NPS Geodiversity Atlas—Biscayne National Park, Florida

Geodiversity refers to the full variety of natural geologic (rocks, minerals, sediments, fossils, landforms, and physical processes) and soil resources and processes that occur in the park. A product of the Geologic Resources Inventory, the NPS Geodiversity Atlas delivers information in support of education, Geoconservation, and integrated management of living (biotic) and non-living (abiotic) components of the ecosystem.

stilt building in the bay
Stiltsville area of Biscayne National Park, Florida.


Biscayne National Park (BISC) is a collection of subtropical islands (keys), coastline, and coral reefs located in the northernmost Florida Keys and southern Biscayne Bay in Miami-Dade County, Florida. Originally authorized as a national monument on October 18, 1968, the park unit was redesignated and expanded on June 28, 1980 (National Park Service 2016b). Situated immediately south of Miami, BISC contains approximately 69,998 hectares (172,971 acres) and protects the longest stretch of mangrove forest along Florida’s east coast, part of the world’s third-longest barrier reef ecosystem, and the clear shallow waters of Biscayne Bay and the Atlantic Ocean. The reef system at BISC represents the northern end of the Florida Reef, an extensive 275 km (170 mi)-long coral barrier reef tract that includes Dry Tortugas National Park. The biological and hydrologic resources of BISC are an integral part of the South Florida ecosystem and include mangrove coasts, fragile coral reefs, estuarine bays, and important marine nursery habitats that sustain abundant and diverse native fisheries (National Park Service 2018). The cultural history of BISC dates back thousands of years and includes early occupation by Native Americans, Spanish and English exploration, pirates, shipwrecks, maritime smuggling, agriculture, and modern commercial development.

Geologic Setting

BISC is situated within the Florida Keys and Southern Atlantic Coastal Strip subsections of the Atlantic Coastal Plain physiographic province, a topographically low and geologically young region consisting of subtropical coast and keys underlain by unconsolidated, Cenozoic sedimentary deposits. The oldest rocks mapped at or near the surface of BISC are carbonate rocks of the Pleistocene Key Largo Limestone, a geologic unit named after exposures on Key Largo that widely occurs along the Florida Keys (Sanford 1909). Of the more than 40 keys that are located within BISC, the majority are comprised of Key Largo Limestone. The Pleistocene Miami Limestone occurs in western BISC along the mainland coast of Biscayne Bay and was named after nearby Miami, Florida by Sanford (1909). The youngest geologic units within the national park are Holocene surficial deposits that include carbonate mud, marl underlain by peat, and bay muck (organic matter, carbonate mud, and marl).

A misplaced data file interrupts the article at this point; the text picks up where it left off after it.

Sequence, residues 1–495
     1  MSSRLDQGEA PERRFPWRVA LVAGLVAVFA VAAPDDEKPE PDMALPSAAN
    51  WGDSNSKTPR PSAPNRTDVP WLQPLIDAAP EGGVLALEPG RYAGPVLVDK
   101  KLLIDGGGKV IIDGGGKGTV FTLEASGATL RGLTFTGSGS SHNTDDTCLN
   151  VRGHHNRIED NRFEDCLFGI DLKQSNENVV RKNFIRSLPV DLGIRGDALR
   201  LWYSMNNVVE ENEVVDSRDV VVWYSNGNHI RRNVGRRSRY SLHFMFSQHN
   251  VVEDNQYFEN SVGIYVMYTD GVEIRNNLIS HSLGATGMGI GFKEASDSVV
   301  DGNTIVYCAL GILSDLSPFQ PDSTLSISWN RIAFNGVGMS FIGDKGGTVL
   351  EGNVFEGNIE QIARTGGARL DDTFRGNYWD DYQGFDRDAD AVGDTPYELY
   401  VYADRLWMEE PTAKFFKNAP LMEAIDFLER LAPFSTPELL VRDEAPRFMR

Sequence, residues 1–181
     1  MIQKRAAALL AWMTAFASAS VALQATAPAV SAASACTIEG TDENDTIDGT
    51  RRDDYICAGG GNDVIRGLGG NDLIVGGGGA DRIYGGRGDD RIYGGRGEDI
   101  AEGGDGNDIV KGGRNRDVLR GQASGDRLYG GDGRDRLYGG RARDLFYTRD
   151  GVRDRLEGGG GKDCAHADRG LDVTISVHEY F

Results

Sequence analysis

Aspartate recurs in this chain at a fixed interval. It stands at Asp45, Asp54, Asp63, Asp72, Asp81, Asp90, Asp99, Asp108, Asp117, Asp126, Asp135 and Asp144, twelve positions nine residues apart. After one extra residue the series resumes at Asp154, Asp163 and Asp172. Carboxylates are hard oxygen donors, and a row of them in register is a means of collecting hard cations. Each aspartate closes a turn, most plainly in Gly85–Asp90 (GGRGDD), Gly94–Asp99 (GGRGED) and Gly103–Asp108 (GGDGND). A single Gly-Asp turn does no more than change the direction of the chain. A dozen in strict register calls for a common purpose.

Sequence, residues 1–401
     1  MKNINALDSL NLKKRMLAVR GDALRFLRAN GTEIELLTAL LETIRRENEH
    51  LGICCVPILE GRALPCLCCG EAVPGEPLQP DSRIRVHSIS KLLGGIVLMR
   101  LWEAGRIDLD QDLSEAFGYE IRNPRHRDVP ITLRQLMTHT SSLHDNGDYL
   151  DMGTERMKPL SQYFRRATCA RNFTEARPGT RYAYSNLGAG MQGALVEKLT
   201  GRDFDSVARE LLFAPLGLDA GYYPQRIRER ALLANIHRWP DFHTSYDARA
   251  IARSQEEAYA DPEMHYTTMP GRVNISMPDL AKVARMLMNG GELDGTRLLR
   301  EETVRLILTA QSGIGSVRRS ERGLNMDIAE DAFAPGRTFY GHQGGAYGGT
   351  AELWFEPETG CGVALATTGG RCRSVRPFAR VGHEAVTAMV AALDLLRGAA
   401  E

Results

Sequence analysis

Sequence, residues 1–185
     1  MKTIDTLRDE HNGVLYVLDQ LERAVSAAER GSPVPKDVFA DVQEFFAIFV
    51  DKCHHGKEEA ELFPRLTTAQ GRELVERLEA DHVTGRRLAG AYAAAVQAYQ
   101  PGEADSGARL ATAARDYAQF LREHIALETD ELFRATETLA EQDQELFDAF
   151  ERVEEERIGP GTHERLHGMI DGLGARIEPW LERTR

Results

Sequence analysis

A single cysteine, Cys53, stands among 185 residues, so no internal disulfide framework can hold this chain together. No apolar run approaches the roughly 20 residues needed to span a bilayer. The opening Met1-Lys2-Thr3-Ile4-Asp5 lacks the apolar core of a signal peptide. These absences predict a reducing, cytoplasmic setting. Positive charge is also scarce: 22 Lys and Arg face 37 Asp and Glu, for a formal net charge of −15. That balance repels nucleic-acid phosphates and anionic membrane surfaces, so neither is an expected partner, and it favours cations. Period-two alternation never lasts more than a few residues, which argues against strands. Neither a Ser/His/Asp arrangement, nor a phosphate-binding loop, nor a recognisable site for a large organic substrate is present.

Regional Geology

Biscayne National Park is a part of the Coastal Plain Physiographic Province and shares its geologic history and some characteristic geologic formations with a region that extends well beyond park boundaries.

Maps and Reports

The Geologic Resources Inventory produces digital geologic maps and reports for more than 270 natural resource parks. The products listed below are currently available for this park, check back often for updates as many maps, reports, and posters are still in progress.
  • Scoping summaries are records of scoping meetings where NPS staff and local geologists determined the park’s geologic mapping plan and what content should be included in the report.
  • Digital geologic maps include files for viewing in GIS software, a guide to using the data, and a document with ancillary map information. Newer products also include data viewable in Google Earth and online map services.
  • Reports use the maps to discuss the park’s setting and significance, notable geologic features and processes, geologic resource management issues, and geologic history.
  • Posters are a static view of the GIS data in PDF format. Newer posters include aerial imagery or shaded relief and other park information. They are also included with the reports.
  • Projects list basic information about the program and all products available for a park.

Source: Data Store Saved Search 2723. To search for additional information, visit the Data Store.

NPS Soil Resources Inventory project has been completed for Biscayne National Park and can be found on the NPS Data Store.

Source: Data Store Saved Search 2776. To search for additional information, visit the Data Store.

Related Articles

Biscayne National Park

National Park Service Geodiversity Atlas

The servicewide Geodiversity Atlas provides information on geoheritage and geodiversity resources and values within the National Park System. This information supports science-based geoconservation and interpretation in the NPS, as well as STEM education in schools, museums, and field camps. The NPS Geologic Resources Division and many parks work with National and International geoconservation communities to ensure that NPS abiotic resources are managed using the highest standards and best practices available.

Biscayne National Park

Last updated: June 13, 2024